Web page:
This likely won’t vary too significantly from existing job descriptions you have for on-site team members. Ideally, your team should be able to maintain the same level of performance as they do when in the office. For new remote workers, however, being clear about expectations will help ensure that all staff, regardless of location, operate at the same level. 

3. Options for switching to, and from, remote work

It’s a good idea to include guidelines for employees who may want to switch to or from remote work on a permanent basis. If your company is willing to offer this flexibility, you should outline any steps or channels that the employee and manager should go through to change that workers’ status. 

This part of the work from home policy should also include an overview of any tax, legal, or benefits changes that might accompany a change from or to remote work. 

4. Guidelines for suitable work environments

Just because your remote workers are out of sight, does not mean that you’re off the hook for ensuring that they have an adequate working environment. All remote work policies should have clear guidelines and standards for what constitutes an acceptable workspace for remote workers. 

This might include ensuring that remote workers have:

  • A quiet, distraction-free workspace.
  • Adequate internet connection.
  • All required software and hardware. 
  • Ergonomic seating or standing desks, if needed. 

If your company is willing to provide funds to remote workers that will help them re-fit their workspaces to meet these guidelines, you should outline any relevant information in your work from home policy template. 

5. IT policies for confidentiality, data protection, and cybersecurity.

Your IT team will likely have a lot of suggestions on how to ensure that remote workers are adhering to company policies around confidentiality, data protection, and cybersecurity. 

Consult with your IT to develop guidelines, rules, and required tools to mitigate any security risks associated with remote work. It’s likely that your company will already have a similar policy in place for on-site workers that could be adapted.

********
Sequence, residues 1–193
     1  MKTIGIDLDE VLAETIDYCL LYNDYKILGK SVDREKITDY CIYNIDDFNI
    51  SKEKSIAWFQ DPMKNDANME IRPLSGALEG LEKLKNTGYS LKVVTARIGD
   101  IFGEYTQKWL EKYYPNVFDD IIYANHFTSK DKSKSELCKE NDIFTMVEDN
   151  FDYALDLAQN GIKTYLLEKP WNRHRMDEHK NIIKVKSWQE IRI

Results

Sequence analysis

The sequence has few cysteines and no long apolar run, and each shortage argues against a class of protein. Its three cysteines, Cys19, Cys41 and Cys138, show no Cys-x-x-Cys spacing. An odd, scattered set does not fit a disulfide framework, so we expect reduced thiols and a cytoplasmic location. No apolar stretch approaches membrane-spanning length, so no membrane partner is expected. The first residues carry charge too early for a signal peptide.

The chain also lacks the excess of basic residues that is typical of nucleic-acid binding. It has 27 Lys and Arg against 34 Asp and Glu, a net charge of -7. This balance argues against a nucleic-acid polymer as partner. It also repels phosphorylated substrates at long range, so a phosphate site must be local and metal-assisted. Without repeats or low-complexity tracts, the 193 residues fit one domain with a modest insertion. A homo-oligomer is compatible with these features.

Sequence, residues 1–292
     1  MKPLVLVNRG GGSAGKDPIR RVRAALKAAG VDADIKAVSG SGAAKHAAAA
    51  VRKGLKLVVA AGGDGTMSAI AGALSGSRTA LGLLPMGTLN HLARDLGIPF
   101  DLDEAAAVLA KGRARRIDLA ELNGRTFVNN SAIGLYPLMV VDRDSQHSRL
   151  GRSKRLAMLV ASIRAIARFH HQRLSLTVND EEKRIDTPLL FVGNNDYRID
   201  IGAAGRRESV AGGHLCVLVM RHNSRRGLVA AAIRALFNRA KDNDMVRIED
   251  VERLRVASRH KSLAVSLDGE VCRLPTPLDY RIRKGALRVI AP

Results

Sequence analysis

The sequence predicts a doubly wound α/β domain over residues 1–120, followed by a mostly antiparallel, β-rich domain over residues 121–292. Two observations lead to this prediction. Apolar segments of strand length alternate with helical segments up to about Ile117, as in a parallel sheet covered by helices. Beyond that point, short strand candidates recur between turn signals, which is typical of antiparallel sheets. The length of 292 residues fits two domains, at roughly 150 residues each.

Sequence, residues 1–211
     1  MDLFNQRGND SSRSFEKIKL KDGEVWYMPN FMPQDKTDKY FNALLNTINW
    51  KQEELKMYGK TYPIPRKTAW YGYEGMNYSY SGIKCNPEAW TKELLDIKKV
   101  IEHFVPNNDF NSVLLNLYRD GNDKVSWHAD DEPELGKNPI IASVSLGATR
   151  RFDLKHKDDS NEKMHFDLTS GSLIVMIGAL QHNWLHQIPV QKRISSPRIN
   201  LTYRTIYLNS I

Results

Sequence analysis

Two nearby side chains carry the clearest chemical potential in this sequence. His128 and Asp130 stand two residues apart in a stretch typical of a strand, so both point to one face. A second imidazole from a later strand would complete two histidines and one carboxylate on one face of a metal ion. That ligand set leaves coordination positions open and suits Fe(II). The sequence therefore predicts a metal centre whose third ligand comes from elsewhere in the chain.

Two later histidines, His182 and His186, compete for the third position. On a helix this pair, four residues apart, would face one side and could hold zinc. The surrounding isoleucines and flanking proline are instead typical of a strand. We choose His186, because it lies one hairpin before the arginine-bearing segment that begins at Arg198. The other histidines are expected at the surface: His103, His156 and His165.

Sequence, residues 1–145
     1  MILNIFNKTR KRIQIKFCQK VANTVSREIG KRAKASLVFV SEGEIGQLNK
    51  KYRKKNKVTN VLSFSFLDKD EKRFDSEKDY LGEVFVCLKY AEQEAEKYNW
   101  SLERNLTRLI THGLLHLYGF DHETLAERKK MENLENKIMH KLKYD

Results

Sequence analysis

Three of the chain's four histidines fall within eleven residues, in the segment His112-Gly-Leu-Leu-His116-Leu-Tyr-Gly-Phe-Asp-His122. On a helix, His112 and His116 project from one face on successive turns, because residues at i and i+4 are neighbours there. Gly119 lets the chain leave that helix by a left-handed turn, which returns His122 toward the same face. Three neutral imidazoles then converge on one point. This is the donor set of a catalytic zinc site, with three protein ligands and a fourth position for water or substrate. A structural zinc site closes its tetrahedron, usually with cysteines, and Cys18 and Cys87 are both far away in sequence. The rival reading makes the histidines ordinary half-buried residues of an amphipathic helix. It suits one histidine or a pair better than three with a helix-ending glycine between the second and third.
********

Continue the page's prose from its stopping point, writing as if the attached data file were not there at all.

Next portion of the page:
6. Compensation and benefits for remote workers

Remote workers may not receive all of the same benefits as your office staff does. For example, if you provide catered lunches or transportation subsidies, those will not apply to your work from home staff. Therefore, it’s important to review the benefits that you offer remote workers and make sure that they are receiving the same support as other staffers. 

This could include offering remote workers office or equipment allowances, professional development funds, travel expenses, meal subsidies, and so on. 

7. Availability expectations 

It’s imperative that you clearly outline your availability expectations for remote workers. This is important both from a legal perspective and for the overall wellbeing of your employees. Be clear about when you expect remote workers to be available and what options they may have for alternative hours, if any. 

Do you have a blanket 9 am to 5 pm policy? Do you offer flex hours, or choose your own hours arrangements? Clearly outline your expectations in your remote work policy. 

8. Responsiveness expectations 

Likewise, it’s critical that you give clear expectations for how and when you want remote workers to respond to their colleagues and managers. Tell employees when they should be available for contact, and set standards for how promptly they should respond to requests. 

This will help you maintain your desired level of communication and transparency amongst remote workers, even if they work across multiple time zones. 

9. Performance and productivity expectations 

Similarly, you should set guidelines for how managers and remote workers can set and monitor their performance and productivity goals. While all remote work policies should set general expectations of all staff for performance, they should also outline how to manage individual goal setting and tracking. 

Outline any processes or performance tracking tools that your staff should be using and set expectations for how and when they should be reporting their progress. 

10. Equipment requirements 

Lastly, you should establish clear guidelines about the equipment that remote workers should have access to in order to complete their work, and communicate with their colleagues. This might include specifying must-have communications tools like MS Teams or Skype, hardware requirements like a webcam and headset, and any software that is required to work at a high level. 

Take a look at some remote work policy template samples from Time Doctor.

Conclusion

When developing your own work from home policy, you will likely need to consult with numerous departments within your organization, including HR, legal, IT, and executive management. Some of these rules are likely already outlined in your existing employer policies and can be adapted to a remote work situation. 

What is clear from recent global events is that remote work is here to stay for many companies into the foreseeable future. Investing the time required to develop clear policies and expectations for remote workers will help you lean into this new change, and hopefully benefit from the many advantages that this type of work brings. 

To help fine-tune your remote work policies and master the art of working from home, check out Recruitee’s industry report on “The current state of hiring from home“.

Remote work and hiring